Sum­min’ up sum­mer

The Compass - - Editorial - Harold Wal­ters My Im­per­fect Slant Harold Wal­ters lives Hap­pily Ever Af­ter in Dunville, in the only Cana­dian prov­ince with its own time zone. How cool is that? Reach him at gh­wal­ters663@gmail.com.

The kids are back at school. The pur­ple asters, de­fin­i­tive ev­i­dence of ap­proach­ing fall, bloom in road­side ditches … and the sight of the lit­tle shag­gers turns my stom­ach. The au­tum­nal equinox lurks a week or so up around the bend. Sum­mer is done. Ex­cept for a cou­ple of mi­nor set­backs — one of which might bring Dear­est Duck win­ter woes — sum­mer was good at our house.

In June’s fi­nal days, while Dear­est Duck coaxed bed­ding plants to flower, I played Robert Frost at the bound­ary lines with our neigh­bours. I built fences. I mended fences. I painted fences. I braced up fences in prepa­ra­tion for the on­slaught of win­ter’s hur­ri­cane winds…

… and Dear­est Duck said, “Harry, my honey, do we re­ally need all those fences? There are no roam­ing an­i­mals to keep out like when you were a bay-boy.” Words to that ef­fect any­way. “Not an­i­mals, my Duck,” said I, pulled The Great Big Book of Un­for­get­table Poems from a book­shelf and flopped it open on my palm like a preacher about to quote scrip­ture.

“Lis­ten here,” I said, point­ing to Robert Frost’s Mend­ing Wall — “Good fences make neigh­bours.”

“Pffffft,” said Dear­est Duck, “as if a rowdy crowd sur­rounds us.”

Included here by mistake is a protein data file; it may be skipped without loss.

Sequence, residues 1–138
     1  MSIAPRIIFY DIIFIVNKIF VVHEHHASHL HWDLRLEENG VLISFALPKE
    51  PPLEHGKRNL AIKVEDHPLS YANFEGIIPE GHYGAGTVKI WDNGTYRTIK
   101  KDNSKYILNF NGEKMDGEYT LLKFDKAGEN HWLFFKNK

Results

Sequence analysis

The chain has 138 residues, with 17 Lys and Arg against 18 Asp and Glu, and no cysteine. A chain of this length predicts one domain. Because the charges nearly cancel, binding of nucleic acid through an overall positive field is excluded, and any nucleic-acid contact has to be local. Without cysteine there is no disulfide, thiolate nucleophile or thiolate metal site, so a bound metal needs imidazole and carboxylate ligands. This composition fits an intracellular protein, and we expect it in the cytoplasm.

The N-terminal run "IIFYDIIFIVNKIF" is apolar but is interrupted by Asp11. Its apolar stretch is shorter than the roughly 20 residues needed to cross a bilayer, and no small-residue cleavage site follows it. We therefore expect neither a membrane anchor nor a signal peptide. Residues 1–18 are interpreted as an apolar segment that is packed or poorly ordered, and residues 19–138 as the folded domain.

The set­back that might af­fect her ad­versely in the dead of win­ter had not yet hap­pened.

The first set­back was mine to bear alone, ex­cept when Dear­est Duck stooped to sook­ing me, God love ‘er.

Dur­ing the peak of sum­mer when it was so hot that chick­adees and jun­cos, over­come from heat ex­haus­tion, tum­bled from the trees, I made a bad de­ci­sion.

Af­ter twenty-five years of shy­ing away from my den­tist’s ad­vice, I fool­ishly chose mid­sum­mer to have an im­pacted wis­dom tooth ex­tracted.

“I’ve got my nerve up,” I said, as the den­tal chair tipped back.

My den­tist smiled — grinned? — and se­lected a nee­dle from among an ar­ray of pointed tools.

[By the way, do you know ‘twas a den­tist — Al­fred P. South­wick, 1826-1898 — that in­vented the elec­tric chair? Just say­ing.]

The ex­trac­tion didn’t go well. Much drilling and chis­elling and pris­ing was re­quired be­fore my shat­tered tooth was ex­ca­vated good from my mandible, like ore from a wall of solid rock.

PBE — Post the Big Ex­trac­tion — in­fec­tion fes­tered and my jaw swelled un­til the wat­tle un­der my chin puffed up the size of a lump­fish. Want­ing only a ker­chief slung un­der­neath my chinny-chin-chin and knot­ted atop my nog­gin, I looked like an ab­scessed wretch from a Char­lie Dick­ens novel.

“You poor old suf­fer­ing soul,” said Dear­est Duck, nei­ther peck­ing nor pat­ting my chubby chops…

… while — at the lo­cal branch of Eastern Health — con­cen­trated an­tibi­otics flowed into my body through loops of IV hose.

Truly.

Be­fore it sug­gested omi­nous pos­si­bil­i­ties for Dear­est Duck, sum­mer’s sec­ond set­back was also mine.

Re­fus­ing to ac­cept that my brute strength was no longer what it was when I was twen­ty­five — or even fifty-five, I s’pose, eh b’ys? — I pushed a wheel­bar­row filled with soggy sods and clay to the rub­bish pit where, with a mighty heave, I at­tempted to up­end the wheel­bar­row and dump the load.

My bi­ceps baulked. Age-at­ro­phied mus­cles whose names I do not know, clenched and wrenched and spasmed … and I fell down in a heap.

I’d hove out my back, for frig sake.